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Are Good Training Shoes Really That Important?Published:
Working out can get pricey. Maybe you pay for a membership at a gym or studio. Maybe you need high-dollar equipment to do your preferred activity (any surfers or golfers out there?). Whatever’s racking up your fitness bill, we feel you. You want to do right by your body, but you don’t want to bust your budget doing it.
That’s why it’s such a bummer that good training shoes are usually far from cheap. That often-three-digit price tag has us wearing our old shoes way past their prime. And why not? They still work, right?
Actually, turns out old, worn-out shoes or improper footwear can really get in the way of your fitness goals.
Why good shoes matter.
How often do you think about your feet? Unless you live with foot pain, the answer is probably: not that often. But your feet are workhorses. They bear your weight all day, help you get wherever you’re going, and absorb shock with each step you take. And that’s all just if you’re walking around normally.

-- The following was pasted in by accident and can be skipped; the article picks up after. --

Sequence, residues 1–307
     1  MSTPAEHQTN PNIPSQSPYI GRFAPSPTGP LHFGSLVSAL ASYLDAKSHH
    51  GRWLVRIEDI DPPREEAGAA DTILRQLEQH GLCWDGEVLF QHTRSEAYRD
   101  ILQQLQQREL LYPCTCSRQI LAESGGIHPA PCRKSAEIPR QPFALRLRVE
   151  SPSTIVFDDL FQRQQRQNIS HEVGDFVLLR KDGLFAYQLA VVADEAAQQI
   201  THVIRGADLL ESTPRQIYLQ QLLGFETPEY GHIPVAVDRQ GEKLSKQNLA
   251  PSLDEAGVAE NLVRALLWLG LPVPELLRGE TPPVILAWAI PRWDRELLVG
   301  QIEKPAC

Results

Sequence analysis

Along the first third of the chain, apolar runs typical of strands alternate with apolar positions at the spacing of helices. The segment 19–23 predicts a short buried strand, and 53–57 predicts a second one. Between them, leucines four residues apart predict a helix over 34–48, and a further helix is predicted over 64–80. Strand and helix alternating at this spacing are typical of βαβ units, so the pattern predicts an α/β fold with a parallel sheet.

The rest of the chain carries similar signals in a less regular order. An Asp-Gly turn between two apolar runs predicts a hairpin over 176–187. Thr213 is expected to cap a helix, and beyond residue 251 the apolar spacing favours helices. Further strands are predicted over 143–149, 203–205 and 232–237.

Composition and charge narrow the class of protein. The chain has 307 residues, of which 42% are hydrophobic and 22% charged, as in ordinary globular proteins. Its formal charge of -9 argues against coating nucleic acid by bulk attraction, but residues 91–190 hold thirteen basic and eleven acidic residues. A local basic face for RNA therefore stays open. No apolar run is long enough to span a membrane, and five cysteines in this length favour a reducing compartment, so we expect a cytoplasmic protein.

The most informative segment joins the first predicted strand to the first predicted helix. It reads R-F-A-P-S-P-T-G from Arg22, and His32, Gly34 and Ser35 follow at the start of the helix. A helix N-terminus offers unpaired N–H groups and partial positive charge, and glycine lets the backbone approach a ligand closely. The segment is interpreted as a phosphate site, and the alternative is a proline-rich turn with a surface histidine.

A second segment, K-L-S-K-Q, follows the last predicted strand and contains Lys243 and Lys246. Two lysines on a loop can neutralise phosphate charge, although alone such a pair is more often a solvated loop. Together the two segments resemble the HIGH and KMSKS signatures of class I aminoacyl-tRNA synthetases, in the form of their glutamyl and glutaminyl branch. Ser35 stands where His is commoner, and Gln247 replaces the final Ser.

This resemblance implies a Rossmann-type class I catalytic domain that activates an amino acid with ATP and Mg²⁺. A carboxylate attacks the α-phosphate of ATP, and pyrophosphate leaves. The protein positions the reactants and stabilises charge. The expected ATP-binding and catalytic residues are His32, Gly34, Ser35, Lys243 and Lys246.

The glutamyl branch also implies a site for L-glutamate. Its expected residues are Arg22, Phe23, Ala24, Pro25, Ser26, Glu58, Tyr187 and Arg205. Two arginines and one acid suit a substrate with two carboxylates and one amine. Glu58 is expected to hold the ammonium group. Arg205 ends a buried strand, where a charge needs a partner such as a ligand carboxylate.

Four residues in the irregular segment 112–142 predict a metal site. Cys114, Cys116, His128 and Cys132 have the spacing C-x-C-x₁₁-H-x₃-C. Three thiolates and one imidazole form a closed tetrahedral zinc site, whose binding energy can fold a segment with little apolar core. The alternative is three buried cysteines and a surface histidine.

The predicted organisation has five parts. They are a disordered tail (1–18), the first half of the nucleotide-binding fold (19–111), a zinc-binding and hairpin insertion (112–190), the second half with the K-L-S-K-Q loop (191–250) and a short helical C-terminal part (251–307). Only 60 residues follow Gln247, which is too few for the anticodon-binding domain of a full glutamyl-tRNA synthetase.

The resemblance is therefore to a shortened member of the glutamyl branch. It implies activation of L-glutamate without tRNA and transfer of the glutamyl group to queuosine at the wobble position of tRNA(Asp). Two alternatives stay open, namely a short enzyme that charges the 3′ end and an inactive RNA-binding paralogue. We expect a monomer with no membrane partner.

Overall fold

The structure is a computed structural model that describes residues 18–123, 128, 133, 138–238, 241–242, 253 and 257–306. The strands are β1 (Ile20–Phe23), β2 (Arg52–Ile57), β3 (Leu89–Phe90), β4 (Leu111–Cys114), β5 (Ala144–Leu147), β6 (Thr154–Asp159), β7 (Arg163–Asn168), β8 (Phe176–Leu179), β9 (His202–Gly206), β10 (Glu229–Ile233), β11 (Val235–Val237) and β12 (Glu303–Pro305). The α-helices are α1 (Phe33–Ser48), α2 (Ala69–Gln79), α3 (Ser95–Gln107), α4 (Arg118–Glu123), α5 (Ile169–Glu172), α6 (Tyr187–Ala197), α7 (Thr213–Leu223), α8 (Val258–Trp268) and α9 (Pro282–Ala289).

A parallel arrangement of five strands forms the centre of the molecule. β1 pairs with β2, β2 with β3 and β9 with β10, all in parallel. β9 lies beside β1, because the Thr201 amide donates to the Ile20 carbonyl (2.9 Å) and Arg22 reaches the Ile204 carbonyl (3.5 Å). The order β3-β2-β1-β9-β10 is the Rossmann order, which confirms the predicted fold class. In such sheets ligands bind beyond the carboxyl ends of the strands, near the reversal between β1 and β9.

If you’re engaging in physical activity — whether that’s running, tennis, weight lifting, etc. — things get more serious for your feet. They’re taking more weight and absorbing more shock. That’s a lot of work.
Fortunately, the right shoe helps lighten that load significantly. Buying training shoes designed to support your preferred type of workout makes a big difference. Running shoes, for example, are designed to help your foot absorb the shock of your increased pace. Basketball shoes protect your ankle, while tennis shoes help your body accommodate the quick side-to-side motion of the sport. Heck, even good walking shoes can help your body since they’re designed to be lightweight.
When to replace your shoes.
All that said, if you want to avoid injury and perform your best, good training shoes go a long way. Just don’t forget to upgrade them as needed. Once your shoes start to wear out, they don’t offer the support you need. (Runners, this is usually about every 350-500 miles.)
The trick is to check your shoes on a regular basis. Is the sole getting thinner? Are the laces worn? Once your shoes show signs of wear and tear, it’s time to start thinking about a new pair.
Get the right shoe and you get a support system every time you work out.